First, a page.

Row 10, tr six petal join– (2sc in every sp, p over gap between 4dc, ch1 group) twice, 2sc in next sp, 1sc in next sp, ch 10, flip work and 2sc in the middle of the 4dc, ch1 group just covered with scs. Flip work again. Cover ch10 with 8 sc. Chain 1 for joining picot, 2sc in top of picot of new motif. 1sc across the middle of the two joined picots for strength. 8sc in remainder of ch10 loop. 2sc in each ch1 gap, ch4 picot over dtr of previous row, twice. 2sc in next sp, 1sc in next sp, ch 10, flip work and 2sc in middle of the 4dc, ch1 group just covered with scs. Flip work again. (see picture above for illustration of this step) Cover ch 10 with FOUR sc, begin triple cluny six petal join.
Six petal join– Chain 5, 3tr in top of last sc made keeping last loop of each tr on hook. Slip one loop through all four loops on hook. Beginning cluny cluster made.
For the second petal, find the fourth sc up on the left side of the next ch10 loop of previous motif (telling where to place these petals in words is what makes writing this pattern out difficult… here’s a picture) 5tr in the fourth sc of left side of ch10 loop, keeping the last loop of each tr on hook, draw one loop through all five loops, sc across the top of the petal for stability and to pull the top of the petal even closer together. 2nd cluny petal made.
Third petal placement– the petals are placed in a clockwise fashion in the gap between the two joins already made between motifs. Place third petal in the top of the picot that follows clockwise after petal two. Sc across the top of completed petal.
Fourth petal placement– count four sc up on the previous ch10 loop, place fourth petal in fourth sc up. Sc across the top of petal made.
Fifth petal– place fifth petal four sc up from the base of the second to last ch10 loop on the motif you’re currently working on. Sc across the top to secure.
Sixth petal– place sixth petal in the picot between ch10 loops of the motif you are currently working on. Sc across the top to secure.
Finishing off first petal– sc across the top of the first petal. Slip crochet hook through the tops of all the tr of that petal, sc to secure. Chain five. Slip crochet hook into the sc at the base of petal 1, yarn over, slip crochet hook behind base of petal 1, yarn over again, sc to secure. Flower complete. 4sc in ch10 loop. Picot join to second motif. Triple cluny six petal join complete.
The larger gaps between these motifs calls for a Double Triple Cluny Six Petal Join. This join makes a slightly larger flower to cover the gap.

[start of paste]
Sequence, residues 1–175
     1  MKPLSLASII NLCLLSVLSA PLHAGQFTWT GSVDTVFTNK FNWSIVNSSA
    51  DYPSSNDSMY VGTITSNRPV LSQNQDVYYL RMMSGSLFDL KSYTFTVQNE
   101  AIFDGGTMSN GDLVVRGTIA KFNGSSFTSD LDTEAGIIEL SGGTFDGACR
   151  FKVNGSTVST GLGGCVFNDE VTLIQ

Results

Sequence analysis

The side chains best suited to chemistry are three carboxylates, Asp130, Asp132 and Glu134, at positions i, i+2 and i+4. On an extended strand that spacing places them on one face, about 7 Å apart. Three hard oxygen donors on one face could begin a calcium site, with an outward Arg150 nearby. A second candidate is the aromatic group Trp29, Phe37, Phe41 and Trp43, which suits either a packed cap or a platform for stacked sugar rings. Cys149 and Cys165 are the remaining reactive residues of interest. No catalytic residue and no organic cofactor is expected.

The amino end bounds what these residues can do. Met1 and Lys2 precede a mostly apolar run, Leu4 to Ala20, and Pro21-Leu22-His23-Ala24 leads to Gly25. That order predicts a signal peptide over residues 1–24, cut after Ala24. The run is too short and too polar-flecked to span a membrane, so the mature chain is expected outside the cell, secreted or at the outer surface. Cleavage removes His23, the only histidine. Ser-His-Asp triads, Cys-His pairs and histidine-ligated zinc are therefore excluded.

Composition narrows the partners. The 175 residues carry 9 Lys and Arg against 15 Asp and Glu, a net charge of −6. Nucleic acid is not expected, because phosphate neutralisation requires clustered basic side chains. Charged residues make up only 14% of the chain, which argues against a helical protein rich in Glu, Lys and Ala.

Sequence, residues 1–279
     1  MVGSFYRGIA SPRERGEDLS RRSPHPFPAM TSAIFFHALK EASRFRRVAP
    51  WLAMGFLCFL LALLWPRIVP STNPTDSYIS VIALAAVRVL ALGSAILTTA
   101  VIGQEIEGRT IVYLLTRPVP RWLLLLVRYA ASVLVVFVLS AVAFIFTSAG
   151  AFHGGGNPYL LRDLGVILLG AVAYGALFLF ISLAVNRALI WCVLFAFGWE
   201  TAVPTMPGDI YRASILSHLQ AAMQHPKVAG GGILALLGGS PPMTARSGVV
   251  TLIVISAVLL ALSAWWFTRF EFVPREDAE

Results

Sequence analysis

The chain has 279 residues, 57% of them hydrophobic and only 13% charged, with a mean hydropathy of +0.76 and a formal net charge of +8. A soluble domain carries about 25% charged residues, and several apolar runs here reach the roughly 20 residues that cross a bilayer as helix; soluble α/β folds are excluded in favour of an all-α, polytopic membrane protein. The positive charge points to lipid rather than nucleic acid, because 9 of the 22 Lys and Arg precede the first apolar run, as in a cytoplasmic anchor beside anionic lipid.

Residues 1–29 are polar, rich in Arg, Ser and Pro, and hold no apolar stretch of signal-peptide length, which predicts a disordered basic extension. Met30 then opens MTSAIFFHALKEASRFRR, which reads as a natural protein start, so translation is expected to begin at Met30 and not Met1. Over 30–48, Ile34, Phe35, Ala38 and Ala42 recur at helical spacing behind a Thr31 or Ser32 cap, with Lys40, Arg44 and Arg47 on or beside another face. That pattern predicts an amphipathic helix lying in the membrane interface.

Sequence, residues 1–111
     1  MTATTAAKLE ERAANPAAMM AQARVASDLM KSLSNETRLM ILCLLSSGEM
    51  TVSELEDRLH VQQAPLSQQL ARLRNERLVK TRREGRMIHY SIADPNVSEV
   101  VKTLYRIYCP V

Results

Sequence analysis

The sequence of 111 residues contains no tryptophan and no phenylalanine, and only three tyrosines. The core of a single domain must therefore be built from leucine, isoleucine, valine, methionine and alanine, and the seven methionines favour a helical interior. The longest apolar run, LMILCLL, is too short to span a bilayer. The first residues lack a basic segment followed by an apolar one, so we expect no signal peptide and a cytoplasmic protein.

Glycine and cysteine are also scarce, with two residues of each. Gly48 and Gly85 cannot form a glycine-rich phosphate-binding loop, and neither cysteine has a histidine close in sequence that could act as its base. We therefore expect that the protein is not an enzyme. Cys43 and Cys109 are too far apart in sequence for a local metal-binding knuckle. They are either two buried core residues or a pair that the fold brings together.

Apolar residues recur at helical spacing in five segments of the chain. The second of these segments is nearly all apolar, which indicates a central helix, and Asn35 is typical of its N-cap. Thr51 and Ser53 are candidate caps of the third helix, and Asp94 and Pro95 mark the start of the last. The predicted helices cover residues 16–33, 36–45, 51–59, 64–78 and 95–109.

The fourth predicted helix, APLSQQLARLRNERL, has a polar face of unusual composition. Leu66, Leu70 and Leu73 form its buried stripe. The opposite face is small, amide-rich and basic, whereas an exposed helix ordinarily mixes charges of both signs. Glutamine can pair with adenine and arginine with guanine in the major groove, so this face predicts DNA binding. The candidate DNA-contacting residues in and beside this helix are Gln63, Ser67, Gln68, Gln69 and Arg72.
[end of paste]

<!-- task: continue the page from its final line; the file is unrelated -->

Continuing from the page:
8sc in ch10 loop to finish loop. 2sc in each ch1 gap, ch4 picot over dtr of previous row, twice. 2sc in next sp, 1sc in next sp, ch 10, flip work and 2sc in middle of the 4dc, ch1 group just covered with scs. Flip work again. Cover ch 10 with FOUR sc, begin Double Triple Cluny Six Petal Join.
First DTR petal– Chain six. Five dtr in sc just made, keeping last loop of each dtr on hook. Yarn over, pull one loop through all five loops. Beginning DTR petal made.
Second DTR petal– Six DTR in fourth sc of ch10 loop of second joining motif. Yarn over, pull one loop through all six loops. Sc across the top of the petal to secure. Second petal made.
Third DTR petal– Going clockwise, place six DTR in fourth sc of next ch10 loop of second joining motif. Yarn over, pull one loop through all six loops. Sc across the top of the petal to secure. Third petal made.
Fourth DTR petal– Going clockwise, place six DTR in fourth sc of next ch10 loop of first joining motif. Yarn over, pull one loop through all six loops. Sc across the top of the petal to secure. Fourth petal made.
Fifth DTR petal– Going clockwise, place six DTR in fourth sc of next ch10 loop of first joining motif. Yarn over, pull one loop through all six loops. Sc across the top of the petal to secure. Fifth petal made.
Sixth DTR petal– Going clockwise, place six DTR in fourth sc of next ch10 loop of the motif you are currently working on. Yarn over, pull one loop through all six loops. Sc across the top of the petal to secure. Sixth petal made.
Finishing off first DTR petal– sc across the top of the first petal. Slip crochet hook through the tops of all the dtr of that petal, sc to secure. Chain sic. Slip crochet hook into the sc at the base of petal 1, yarn over, slip crochet hook behind base of petal 1, yarn over again, sc to secure. Flower complete. 4sc in ch10 loop. Picot join to third motif. Double Triple Cluny Six Petal Join complete.